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New Books at a Glance
From Dichotomies to Differences in the Comparative Study of China
Zhang Longxi, Mighty Opposites: From Dichotomies to Differences in the Comparative Study of China. Stanford, CA: Stanford University Press, 1998. 248 pp.
Following his earlier book, The Tao and the Logos (1992), Mighty Opposites is yet another attempt by the author to promote cross-cultural understanding, especially between China and the West. Despite the talk of multiculturalism and the apparent interest in global communication between East and West, there is nevertheless a perpetual suspicion of the validity of cross-cultural understanding. The dichotomy of cultures is often felt throughout history, whereas the relativist tendency in contemporary literary theory to see everything as a “text” puts the possibility of true knowledge further in question. Reaffirming the value of “lived experience” and the ethical import of understanding and interpretation, Zhang argues forcefully against such cultural dichotomies by commenting on concrete texts and events in the book’s six chapters, rounded off with a call for an open-ended dialogue across the gaps in languages and cultures.
Chapter 1, “The Myth of the Other,” traces the history of the image of China in Western imagination, from seventeenth-century missionaries to contemporary thinkers, and finds a pattern of alternately changing positive and negative images that speak more of the Western self than of China as a real country with its own culture and tradition. The moment of understanding, Zhang argues, lies in the hermeneutic “fusion of horizons,” the transcending of the self and the Other in the expansion of knowledge. Chapter 2 discusses the use of the Other in cultural critique as a strategy shared by Montaigne and the postmodernists, with the crucial difference that Montaigne acknowledged and cherished the common humanity between the self and the Other. Even though he identified strongly with the Greek tradition and saw the Brazilian cannibals as alien to the Europeans, Montaigne eventually argued for the value of humanity exemplified by the ancient Greeks and the New World natives. The third chapter, “Jewish and Chinese Literalism,” is a powerful indictment of cultural dichotomies past and present, bringing into comparison the age-old opposition between Hellenism and Hebraism, on the one hand, and the more recent East-West dichotomy, on the other. Zhang argues that differences do exist between cultures but that they are a matter of degree, not of kind, so the mutually exclusive dichotomy of cultures may have undesirable and even harmful consequences in reality.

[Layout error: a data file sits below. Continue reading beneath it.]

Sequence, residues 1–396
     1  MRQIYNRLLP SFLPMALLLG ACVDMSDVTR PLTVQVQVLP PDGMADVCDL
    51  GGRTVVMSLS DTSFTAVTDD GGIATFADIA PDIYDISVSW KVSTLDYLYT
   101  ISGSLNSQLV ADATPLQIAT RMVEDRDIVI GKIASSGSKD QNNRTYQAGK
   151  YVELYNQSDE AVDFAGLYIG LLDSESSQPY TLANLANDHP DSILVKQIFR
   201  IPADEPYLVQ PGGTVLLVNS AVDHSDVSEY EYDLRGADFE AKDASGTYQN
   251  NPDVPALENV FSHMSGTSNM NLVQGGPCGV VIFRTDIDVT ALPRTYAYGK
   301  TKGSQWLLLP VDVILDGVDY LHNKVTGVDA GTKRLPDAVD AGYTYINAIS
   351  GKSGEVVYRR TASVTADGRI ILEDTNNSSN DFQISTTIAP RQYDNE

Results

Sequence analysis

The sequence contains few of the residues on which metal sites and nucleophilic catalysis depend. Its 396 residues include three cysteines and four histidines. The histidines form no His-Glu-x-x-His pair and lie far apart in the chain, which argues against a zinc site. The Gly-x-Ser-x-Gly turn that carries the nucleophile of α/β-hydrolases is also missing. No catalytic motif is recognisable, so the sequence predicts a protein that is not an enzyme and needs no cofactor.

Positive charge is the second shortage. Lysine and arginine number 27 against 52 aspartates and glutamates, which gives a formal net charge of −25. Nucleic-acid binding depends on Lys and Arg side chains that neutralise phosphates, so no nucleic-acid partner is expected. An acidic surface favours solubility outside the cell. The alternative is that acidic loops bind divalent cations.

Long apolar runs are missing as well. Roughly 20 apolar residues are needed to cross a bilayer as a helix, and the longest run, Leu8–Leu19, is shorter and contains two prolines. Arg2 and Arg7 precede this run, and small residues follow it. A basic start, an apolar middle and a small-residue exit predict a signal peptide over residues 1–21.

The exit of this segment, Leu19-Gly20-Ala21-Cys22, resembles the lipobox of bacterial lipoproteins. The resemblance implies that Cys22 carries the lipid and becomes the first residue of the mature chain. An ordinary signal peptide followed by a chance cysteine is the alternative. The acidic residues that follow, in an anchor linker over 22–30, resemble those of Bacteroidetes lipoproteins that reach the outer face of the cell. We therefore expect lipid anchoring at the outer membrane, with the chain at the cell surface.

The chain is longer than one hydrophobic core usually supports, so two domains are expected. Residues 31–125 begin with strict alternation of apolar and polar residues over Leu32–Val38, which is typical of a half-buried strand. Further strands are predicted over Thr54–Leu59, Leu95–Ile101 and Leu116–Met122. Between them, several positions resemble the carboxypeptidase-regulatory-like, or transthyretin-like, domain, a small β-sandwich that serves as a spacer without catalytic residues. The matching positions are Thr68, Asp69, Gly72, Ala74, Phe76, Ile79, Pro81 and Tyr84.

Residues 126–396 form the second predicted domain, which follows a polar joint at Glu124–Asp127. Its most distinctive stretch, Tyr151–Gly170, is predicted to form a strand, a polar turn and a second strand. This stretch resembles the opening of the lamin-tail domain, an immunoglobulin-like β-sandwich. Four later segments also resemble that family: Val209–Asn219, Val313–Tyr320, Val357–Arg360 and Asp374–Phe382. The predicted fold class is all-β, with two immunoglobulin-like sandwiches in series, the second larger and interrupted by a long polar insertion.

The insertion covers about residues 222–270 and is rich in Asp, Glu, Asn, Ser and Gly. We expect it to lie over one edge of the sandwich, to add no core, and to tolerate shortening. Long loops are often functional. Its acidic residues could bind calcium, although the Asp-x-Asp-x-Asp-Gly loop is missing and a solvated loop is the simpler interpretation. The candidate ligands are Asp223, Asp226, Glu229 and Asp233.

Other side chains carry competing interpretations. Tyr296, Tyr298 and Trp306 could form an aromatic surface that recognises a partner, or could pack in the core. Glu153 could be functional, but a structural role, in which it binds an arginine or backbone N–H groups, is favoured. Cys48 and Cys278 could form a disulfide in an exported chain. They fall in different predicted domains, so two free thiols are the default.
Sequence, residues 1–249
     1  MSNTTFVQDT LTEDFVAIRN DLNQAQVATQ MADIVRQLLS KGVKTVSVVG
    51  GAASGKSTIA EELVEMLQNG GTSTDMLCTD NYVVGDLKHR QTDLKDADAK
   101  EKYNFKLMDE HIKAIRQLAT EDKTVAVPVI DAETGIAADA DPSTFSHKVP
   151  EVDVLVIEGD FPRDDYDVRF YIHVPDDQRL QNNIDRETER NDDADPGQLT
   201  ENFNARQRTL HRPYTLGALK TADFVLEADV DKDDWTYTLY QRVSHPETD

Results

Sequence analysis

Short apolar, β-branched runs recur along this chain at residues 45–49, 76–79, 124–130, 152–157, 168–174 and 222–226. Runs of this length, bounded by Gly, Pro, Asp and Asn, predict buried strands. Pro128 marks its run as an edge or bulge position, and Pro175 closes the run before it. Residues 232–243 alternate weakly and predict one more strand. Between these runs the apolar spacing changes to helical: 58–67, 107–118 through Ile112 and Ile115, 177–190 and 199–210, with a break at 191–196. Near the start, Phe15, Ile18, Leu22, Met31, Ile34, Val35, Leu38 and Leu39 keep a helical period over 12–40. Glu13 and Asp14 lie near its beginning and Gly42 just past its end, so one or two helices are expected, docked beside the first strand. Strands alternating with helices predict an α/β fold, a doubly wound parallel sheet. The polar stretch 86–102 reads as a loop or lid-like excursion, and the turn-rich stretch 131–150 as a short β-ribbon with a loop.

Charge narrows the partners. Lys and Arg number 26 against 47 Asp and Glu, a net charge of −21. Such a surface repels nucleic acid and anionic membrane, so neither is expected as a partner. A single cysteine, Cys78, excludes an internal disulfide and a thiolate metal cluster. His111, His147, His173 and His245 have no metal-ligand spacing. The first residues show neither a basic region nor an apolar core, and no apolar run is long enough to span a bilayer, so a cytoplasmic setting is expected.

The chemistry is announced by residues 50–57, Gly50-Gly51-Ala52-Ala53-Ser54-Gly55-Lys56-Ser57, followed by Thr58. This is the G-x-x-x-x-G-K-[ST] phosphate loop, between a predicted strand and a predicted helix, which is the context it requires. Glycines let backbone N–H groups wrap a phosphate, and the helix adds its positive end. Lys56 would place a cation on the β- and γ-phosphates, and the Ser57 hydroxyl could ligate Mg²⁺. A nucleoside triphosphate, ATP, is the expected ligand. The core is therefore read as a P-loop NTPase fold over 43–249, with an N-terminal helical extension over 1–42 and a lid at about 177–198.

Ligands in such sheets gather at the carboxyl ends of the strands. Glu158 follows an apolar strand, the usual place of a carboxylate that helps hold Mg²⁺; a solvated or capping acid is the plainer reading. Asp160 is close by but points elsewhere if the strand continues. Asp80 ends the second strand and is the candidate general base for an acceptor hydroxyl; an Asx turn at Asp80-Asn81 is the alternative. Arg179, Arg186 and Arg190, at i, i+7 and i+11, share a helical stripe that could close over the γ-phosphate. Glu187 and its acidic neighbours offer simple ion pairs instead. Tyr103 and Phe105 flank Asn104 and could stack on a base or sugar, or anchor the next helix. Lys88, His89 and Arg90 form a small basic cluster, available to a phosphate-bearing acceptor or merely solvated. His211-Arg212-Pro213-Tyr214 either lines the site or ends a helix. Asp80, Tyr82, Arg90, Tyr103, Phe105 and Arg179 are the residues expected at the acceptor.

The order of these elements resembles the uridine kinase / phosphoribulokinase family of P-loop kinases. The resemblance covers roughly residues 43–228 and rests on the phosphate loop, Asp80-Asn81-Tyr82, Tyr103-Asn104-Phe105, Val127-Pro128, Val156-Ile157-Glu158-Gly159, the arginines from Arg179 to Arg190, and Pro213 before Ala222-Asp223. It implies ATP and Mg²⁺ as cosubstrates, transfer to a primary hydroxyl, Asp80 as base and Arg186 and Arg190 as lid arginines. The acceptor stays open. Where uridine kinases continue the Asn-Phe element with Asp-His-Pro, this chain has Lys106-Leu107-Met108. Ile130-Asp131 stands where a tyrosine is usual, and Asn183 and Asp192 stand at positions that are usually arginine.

Moving from the historical to the more recent past, the last three chapters focus on China and Chinese studies in the modern context, putting into intense scrutiny the problematic relationship between Western theory and the social and political reality in China. Zhang comments on Fredric Jameson, Edward Said, Western sinology, and the Chinese appropriation [End Page 475] of Western postmodernist and postcolonialist theories vis-à-vis the changing situation in China in the 1990s. He fully acknowledges the radical social implications of Western theories in the West, but he is sharply critical of the appropriation of such theories in China, where the radical significance of critical theory is completely lost and Western theories are turned into a sort of tamed discourse, critical of Western hegemony but silent about the injustice, violence, and repression in China. Following Said in Representations of the Intellectual, Zhang insists that the task for intellectuals everywhere is to carry on cultural critique and be socially responsible no matter what the status quo is. To some extent the debates and polemics the book engages in can be seen as embodiment of the critical spirit it advocates.